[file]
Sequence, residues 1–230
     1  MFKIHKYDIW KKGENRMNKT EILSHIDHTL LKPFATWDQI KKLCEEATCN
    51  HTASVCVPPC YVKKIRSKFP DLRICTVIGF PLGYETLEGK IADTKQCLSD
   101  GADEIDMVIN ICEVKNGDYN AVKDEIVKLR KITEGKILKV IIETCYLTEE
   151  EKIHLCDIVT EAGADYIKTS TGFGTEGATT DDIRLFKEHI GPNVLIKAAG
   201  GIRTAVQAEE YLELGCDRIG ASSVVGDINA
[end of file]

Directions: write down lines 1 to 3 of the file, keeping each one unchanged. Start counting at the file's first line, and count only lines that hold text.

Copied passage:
Sequence, residues 1–230
     1  MFKIHKYDIW KKGENRMNKT EILSHIDHTL LKPFATWDQI KKLCEEATCN
    51  HTASVCVPPC YVKKIRSKFP DLRICTVIGF PLGYETLEGK IADTKQCLSD